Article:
Martin adds, “What’s playing against that is the cost of electrifying the existing infrastructure.”
Less than one percent of Canada’s railway tracks are currently electrified, due to the high cost of implementation. Project costs vary based on factors like tunneling necessity and corridor specifications. He says that the expenses range from a minimum of 38 million to a maximum of 641 million per kilometer for all ongoing electrification initiatives in Canada as of today.
“Ultimately,” he says, “to save these $50 billion in fuel over 30 years, a tremendous investment is required for the infrastructure to become electrified.”
Despite this however, Martin emphasizes again the great efficiency found in rail transportation:
“Once dominated by passenger transportation, emissions are increasing as a result of the movement of freight. Emissions from freight are projected to exceed those from passenger transportation by 2030. On a tonne-kilometer basis, rail is the most common method of transporting freight domestically (44%, versus 33% by truck). Yet, the rail sector accounts for only 4% of Canada’s total transportation related GHG emissions, and 98% of these emissions are because of the transportation of freight. This is a testament to the fuel efficiency of this mode.”
However, the actions taken towards rail decarbonization by both private companies and provincial and federal governments represent incremental strides. It is a formidable challenge to transition freight locomotives away from their dependence on diesel fuel. This complexity arises from the substantial energy requirements that will need to be replaced, coupled with the nascent stage of development for most potential zero-emission technological solutions.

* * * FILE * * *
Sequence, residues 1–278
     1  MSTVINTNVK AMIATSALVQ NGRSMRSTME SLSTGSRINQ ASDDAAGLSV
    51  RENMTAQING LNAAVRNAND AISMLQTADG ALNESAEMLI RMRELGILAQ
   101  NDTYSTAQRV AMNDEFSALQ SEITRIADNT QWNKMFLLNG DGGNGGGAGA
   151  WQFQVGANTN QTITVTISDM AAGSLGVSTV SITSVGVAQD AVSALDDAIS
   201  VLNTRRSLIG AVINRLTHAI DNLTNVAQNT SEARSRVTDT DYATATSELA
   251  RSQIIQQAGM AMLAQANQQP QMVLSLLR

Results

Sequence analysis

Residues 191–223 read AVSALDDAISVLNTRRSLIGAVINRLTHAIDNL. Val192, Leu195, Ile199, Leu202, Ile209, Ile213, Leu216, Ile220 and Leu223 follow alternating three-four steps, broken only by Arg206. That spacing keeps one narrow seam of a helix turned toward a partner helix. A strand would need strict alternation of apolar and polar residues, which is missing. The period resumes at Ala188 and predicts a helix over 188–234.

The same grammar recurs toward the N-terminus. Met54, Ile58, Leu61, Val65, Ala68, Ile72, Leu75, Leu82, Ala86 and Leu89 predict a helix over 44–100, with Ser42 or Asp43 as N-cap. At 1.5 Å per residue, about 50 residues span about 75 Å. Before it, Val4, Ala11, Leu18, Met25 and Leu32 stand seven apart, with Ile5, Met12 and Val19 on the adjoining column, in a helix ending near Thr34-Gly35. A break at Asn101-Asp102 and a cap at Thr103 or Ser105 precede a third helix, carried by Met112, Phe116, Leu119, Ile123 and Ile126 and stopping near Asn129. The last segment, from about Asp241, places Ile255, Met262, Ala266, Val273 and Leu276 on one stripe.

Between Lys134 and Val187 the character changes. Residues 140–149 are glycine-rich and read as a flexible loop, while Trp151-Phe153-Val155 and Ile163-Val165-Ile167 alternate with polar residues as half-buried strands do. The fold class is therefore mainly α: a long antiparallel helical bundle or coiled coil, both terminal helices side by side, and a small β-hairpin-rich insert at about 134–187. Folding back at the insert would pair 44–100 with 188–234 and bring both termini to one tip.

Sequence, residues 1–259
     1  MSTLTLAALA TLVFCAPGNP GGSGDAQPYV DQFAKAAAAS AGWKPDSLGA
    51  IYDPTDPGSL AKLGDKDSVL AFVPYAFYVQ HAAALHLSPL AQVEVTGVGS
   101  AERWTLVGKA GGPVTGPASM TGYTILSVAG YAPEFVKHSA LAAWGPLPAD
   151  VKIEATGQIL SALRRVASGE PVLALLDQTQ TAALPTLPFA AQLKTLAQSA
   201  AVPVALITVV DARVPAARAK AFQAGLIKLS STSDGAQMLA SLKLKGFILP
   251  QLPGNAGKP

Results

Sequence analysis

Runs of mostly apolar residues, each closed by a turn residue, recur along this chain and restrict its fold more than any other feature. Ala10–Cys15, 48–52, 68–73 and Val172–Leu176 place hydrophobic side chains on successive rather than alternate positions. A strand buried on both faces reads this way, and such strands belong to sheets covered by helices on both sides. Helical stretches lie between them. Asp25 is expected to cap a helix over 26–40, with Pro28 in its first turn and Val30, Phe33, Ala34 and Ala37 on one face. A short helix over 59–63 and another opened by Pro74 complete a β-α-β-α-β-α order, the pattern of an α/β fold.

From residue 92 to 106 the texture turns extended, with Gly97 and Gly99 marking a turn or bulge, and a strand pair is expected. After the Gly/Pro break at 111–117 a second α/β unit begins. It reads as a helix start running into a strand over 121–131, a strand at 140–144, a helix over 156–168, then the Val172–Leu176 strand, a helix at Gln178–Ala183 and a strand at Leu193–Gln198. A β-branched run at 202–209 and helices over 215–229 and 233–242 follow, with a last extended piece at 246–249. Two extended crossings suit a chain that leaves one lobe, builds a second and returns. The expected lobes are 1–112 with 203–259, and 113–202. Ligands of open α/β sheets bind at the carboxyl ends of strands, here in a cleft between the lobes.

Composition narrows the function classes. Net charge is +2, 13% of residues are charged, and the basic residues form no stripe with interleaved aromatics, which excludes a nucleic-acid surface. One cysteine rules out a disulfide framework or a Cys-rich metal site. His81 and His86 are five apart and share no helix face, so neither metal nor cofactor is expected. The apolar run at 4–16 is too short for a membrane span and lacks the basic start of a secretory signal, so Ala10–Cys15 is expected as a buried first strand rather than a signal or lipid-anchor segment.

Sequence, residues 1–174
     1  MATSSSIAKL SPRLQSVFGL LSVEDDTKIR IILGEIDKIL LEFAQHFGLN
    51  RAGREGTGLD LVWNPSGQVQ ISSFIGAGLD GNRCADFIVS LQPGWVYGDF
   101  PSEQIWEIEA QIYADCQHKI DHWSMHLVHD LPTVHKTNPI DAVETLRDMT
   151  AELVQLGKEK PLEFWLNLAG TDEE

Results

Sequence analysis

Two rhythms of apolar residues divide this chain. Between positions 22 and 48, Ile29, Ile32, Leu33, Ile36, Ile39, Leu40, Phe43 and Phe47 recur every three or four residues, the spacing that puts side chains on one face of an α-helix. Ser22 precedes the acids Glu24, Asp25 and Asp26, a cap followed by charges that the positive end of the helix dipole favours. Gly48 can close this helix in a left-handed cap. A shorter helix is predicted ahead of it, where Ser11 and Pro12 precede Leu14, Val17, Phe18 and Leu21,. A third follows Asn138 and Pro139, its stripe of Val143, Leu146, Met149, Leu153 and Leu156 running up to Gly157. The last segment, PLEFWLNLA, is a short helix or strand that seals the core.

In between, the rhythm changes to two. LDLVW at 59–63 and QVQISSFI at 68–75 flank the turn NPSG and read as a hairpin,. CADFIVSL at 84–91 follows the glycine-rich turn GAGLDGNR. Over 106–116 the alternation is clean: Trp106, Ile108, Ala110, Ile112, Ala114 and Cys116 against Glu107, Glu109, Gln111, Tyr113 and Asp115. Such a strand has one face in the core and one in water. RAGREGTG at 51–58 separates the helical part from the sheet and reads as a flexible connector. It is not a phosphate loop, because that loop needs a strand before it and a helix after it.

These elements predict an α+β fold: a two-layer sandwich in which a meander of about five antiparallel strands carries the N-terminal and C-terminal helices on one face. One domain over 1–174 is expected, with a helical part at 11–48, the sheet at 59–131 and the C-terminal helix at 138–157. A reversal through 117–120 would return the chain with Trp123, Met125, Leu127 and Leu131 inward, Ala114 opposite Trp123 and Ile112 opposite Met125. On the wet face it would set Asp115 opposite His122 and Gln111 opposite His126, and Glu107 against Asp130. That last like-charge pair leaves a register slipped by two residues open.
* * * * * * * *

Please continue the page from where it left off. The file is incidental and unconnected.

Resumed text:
In conclusion, the rail industry is spearheading major changes through its decarbonization efforts. As explored in our conversation with Martin, the shift toward electric and hybrid trains in North America signifies a pivotal moment. Despite facing challenges such as the high initial costs of electrification projects, the potential for substantial fuel savings and environmental benefits is immense. These advancements underscore a collective commitment to a cleaner, more efficient future for rail transportation, leading to further innovations and environmental stewardship down the line.
Come back for part two where we take a deep dive into Martin’s article to discuss the Canada Rail Pathways Initiative and technological initiatives it will take to reduce rail carbon intensity.
Read more from Martin in his article HERE about the decarbonization of the rail industry.